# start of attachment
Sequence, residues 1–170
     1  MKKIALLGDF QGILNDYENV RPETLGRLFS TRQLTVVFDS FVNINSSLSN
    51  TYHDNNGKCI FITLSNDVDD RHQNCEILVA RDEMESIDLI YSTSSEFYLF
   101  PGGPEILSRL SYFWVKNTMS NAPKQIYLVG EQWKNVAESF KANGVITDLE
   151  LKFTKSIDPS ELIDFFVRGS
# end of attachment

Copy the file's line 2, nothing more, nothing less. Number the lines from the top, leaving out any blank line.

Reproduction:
     1  MKKIALLGDF QGILNDYENV RPETLGRLFS TRQLTVVFDS FVNINSSLSN